Maple Brined Pork Tenderloin

Brining is a good choice for adding flavor and moistness to a pork roast.  The loin is very popular because it is less fatty than other cuts, but that also means it suffers in the flavor department.

Maple Brined Pork Tenderloin


  • 1 teaspoon black peppercorns
  • 6 cloves
  • 4 allspice berries
  • 3 juniper berries
  • 1/3 cup kosher salt
  • 2 cups apple cider
  • 1/2 cup maple syrup
  • 1/3 cup turbinado sugar
  • 6 garlic cloves, peeled
  • 6 thyme sprigs
  • 3 cups cold water
  • 4 (1 1/4-pound) pork tenderloins
  • 1/4 cup olive oil
  • kosher salt
  • fresh ground black pepper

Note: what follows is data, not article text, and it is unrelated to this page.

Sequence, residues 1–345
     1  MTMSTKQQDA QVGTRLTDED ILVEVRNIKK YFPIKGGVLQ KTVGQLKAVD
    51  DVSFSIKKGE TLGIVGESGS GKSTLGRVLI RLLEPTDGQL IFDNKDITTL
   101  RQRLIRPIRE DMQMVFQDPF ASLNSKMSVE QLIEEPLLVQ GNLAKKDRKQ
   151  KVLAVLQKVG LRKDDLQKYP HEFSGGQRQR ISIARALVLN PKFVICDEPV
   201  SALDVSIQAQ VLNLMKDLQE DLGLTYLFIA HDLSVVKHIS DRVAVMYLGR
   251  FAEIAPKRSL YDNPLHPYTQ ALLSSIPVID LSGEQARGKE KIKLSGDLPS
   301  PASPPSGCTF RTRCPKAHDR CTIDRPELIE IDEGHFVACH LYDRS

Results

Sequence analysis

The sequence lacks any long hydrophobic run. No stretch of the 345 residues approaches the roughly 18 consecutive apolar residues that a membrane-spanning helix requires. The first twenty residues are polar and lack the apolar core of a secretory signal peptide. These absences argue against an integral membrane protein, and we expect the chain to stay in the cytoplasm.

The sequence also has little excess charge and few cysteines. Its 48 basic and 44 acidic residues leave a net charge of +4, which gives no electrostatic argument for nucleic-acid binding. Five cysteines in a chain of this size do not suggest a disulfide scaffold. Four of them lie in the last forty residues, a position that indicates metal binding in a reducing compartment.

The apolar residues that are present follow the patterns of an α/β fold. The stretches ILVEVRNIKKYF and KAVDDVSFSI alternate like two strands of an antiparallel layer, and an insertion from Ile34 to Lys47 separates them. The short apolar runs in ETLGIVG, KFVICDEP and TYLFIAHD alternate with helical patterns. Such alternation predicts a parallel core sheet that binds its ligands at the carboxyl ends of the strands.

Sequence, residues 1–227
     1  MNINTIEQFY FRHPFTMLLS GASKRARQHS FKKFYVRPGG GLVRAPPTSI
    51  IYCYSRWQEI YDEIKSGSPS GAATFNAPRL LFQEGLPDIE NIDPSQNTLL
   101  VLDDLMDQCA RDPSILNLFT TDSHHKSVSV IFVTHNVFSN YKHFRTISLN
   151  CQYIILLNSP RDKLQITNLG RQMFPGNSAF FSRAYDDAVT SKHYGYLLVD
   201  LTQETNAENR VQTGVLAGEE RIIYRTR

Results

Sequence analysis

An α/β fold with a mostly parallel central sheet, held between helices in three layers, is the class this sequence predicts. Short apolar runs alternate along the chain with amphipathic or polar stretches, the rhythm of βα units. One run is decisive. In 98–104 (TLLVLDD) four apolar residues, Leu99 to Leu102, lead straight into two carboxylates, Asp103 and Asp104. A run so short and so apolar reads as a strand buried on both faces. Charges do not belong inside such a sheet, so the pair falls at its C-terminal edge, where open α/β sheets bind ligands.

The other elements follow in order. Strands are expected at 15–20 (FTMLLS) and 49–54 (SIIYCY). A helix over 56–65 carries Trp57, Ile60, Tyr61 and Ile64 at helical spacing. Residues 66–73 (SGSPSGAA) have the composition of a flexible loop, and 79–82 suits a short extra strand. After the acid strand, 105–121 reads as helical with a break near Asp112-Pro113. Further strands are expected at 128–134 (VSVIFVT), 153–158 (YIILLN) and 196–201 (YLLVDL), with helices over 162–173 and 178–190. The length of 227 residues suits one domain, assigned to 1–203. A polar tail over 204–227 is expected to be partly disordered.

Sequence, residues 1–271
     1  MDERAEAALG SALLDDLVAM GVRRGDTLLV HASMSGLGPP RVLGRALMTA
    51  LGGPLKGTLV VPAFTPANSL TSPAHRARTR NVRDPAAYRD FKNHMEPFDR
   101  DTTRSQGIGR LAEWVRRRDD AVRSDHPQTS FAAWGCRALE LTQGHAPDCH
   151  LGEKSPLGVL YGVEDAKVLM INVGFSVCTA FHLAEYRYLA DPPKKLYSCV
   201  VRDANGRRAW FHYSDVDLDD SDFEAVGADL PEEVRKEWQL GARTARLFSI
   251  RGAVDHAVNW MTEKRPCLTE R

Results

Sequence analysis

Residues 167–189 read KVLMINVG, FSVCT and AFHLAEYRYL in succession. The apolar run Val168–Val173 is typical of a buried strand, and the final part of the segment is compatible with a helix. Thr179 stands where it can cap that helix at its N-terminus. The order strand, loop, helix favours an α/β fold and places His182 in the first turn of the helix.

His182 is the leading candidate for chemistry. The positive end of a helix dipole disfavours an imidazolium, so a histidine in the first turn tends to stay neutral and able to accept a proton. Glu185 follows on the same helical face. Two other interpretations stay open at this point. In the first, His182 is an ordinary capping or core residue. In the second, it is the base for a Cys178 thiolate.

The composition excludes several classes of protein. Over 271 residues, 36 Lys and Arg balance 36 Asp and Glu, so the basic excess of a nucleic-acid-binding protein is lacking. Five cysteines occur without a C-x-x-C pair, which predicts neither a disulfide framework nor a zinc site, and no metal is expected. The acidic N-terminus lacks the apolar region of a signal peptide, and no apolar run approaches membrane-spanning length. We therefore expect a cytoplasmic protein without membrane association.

In a medium saucepan, toast the peppercorns, cloves, allspice, and juniper berries over medium heat until fragrant, about 2 minutes.  Add 1/3 cup salt, apple cider, syrup, sugar, garlic, and thyme to the saucepan and bring to a simmer, stirring to dissolve the sugar.

Add 3 cups of cold water and pour the brine into a small roasting pan.  Let cool before adding the pork tenderloin.  Cover and marinate 6 to 8 hours.

Preheat oven to 350° F.  Drain the pork tenderloins, discarding the marinating liquid.  Pat the pork dry and season with salt and pepper.

Heat a large skillet over medium high heat, add oil, and brown pork, 2 tenderloins at a time, on all sides, about 8 minutes each batch.  Transfer pork to a rimmed baking sheet.

Cook pork in the oven until a meat thermometer, inserted in the thickest part, registers 140° F, about 18 minutes.  Transfer to a cutting board and let rest at least 10 minutes before slicing.

Serves 10-12.

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